In a more reserved tone in The Economist on May 17, 2014, the ruling was viewed as raising important questions: “One is whether it can ever be effectively enforced. Even if Google cuts a link, what about a smaller search engine that only has operations in America and is hence not bound by EU law? The decision could very well shield many people in cases of legitimate public interest – a businessman, say, who wanted to run for public office and clear his basement of skeletons. And there is a danger that not just giants like Google and Facebook but also innovative startups will be weighed down.”

Jeffrey Toobin, in an article in the September 29, 2014, issue of the New Yorker titled The Solace of Oblivion quoted Jules Polkonetsky, the executive director of the Future of Privacy Forum, as saying: “The decision will go down in history as one of the most significant mistakes that Court has ever made. It gives very little value to free expression. If a particular Web site is doing something illegal, that should be stopped, and Google shouldn’t link to it. But for the Court to outsource to Google complicated case-specific decisions about whether to publish or suppress something is wrong. Requiring Google to be a court of philosopher kings shows a real lack of understanding about how this will play out in reality.” Mr. Toobin concluded that the American regard for the First Amendment, “…guarantees that the Costeja judgment would never pass muster under U.S. law. The Costeja records were public, and they were reported correctly by the newspaper at the time; constitutionally, the press has a nearly absolute right to publish accurate, lawful information.”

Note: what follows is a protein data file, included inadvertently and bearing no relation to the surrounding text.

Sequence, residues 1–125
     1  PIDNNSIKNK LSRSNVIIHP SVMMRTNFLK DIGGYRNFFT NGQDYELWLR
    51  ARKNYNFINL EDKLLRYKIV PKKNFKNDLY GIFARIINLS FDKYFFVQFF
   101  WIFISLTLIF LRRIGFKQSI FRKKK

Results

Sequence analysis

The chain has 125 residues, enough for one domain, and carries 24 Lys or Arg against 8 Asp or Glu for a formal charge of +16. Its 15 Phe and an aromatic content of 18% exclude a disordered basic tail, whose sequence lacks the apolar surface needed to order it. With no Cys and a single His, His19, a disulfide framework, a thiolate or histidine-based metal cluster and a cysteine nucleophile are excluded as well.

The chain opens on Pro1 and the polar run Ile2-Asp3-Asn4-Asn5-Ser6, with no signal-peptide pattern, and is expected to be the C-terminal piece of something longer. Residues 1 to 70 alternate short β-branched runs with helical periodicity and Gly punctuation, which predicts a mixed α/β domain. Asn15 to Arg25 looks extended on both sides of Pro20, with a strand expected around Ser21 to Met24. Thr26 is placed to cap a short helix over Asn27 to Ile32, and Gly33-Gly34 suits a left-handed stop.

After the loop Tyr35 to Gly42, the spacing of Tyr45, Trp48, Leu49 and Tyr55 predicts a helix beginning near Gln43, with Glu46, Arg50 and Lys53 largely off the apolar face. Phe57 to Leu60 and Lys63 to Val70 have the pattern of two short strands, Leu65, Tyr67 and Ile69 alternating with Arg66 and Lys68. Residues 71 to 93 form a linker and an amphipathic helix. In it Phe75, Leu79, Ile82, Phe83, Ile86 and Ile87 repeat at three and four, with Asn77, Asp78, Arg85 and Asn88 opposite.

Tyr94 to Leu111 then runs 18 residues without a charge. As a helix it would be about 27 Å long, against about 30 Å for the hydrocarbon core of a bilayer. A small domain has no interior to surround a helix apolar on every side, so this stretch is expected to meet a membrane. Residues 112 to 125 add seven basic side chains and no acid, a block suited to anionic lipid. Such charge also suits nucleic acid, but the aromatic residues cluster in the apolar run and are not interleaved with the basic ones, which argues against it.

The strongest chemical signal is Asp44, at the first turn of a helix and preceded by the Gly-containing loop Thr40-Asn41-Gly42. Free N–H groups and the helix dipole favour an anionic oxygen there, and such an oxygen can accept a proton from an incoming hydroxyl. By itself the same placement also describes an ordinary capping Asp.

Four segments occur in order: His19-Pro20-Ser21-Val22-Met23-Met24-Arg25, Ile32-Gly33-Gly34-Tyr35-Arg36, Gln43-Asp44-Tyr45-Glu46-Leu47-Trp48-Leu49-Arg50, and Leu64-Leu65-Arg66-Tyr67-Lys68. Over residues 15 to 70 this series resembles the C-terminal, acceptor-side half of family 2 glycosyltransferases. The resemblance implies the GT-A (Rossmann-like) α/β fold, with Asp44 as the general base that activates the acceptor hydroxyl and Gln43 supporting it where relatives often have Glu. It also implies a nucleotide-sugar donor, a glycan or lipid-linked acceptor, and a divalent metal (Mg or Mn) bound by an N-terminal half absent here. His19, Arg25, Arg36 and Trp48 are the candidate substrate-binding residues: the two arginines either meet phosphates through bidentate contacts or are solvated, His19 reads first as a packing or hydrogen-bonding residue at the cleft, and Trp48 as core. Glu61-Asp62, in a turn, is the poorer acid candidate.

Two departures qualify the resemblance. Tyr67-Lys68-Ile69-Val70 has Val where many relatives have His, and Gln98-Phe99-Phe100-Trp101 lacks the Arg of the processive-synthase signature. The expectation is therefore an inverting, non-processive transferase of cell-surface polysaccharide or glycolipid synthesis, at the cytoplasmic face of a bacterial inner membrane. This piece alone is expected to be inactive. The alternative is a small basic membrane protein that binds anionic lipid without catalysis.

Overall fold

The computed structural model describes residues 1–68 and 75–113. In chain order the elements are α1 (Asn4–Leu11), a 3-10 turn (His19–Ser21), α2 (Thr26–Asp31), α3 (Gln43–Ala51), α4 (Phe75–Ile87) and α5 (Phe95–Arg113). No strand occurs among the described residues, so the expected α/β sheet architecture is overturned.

Mr. Toobin makes a good point. Señor Costeja Gonzalez was a Spanish citizen and lawyer who filed a complaint with the national Data Protection Agency against a Spanish newspaper La Vanguardia, Google Spain and Google Inc. He complained that an auction notice of his repossessed home on Google’s search results infringed his privacy rights because the proceedings concerning him had been resolved for a number of years and the reference to them was irrelevant. As Mr. Toobin said, the records were fact, were public and were accurately reported by the newspaper.

Would the Costeja ruling pass muster under Canadian law? The same constitutional rights of freedom of expression and freedom of the press, as contained in s. 2(b) of the Charter of Rights, arise as they do under the First Amendment. Profound questions about censorship and revisionist history concern Canadians as well. They are subtle and complex. I’m with Professor Zittrain here. The issues are too important to be left to litigation where the evidence before any court will be tailored by the positions advocated by the parties. This one is for Parliament.

In practice, the implementation of the Costeja judgment will require a balancing approach as stated in the judgment itself. The Guidelines provide, in para. 5, at pp. 5-6, that, “…a balance has to be struck between the different rights and interests and the outcome may depend on the nature and sensitivity of the processed data and on the interest of the public to have access to that particular information on the other, an interest which may vary, in particular, by the role played by the data subject in public life.”

The judgment in Costeja is not now, and was not then, absolute.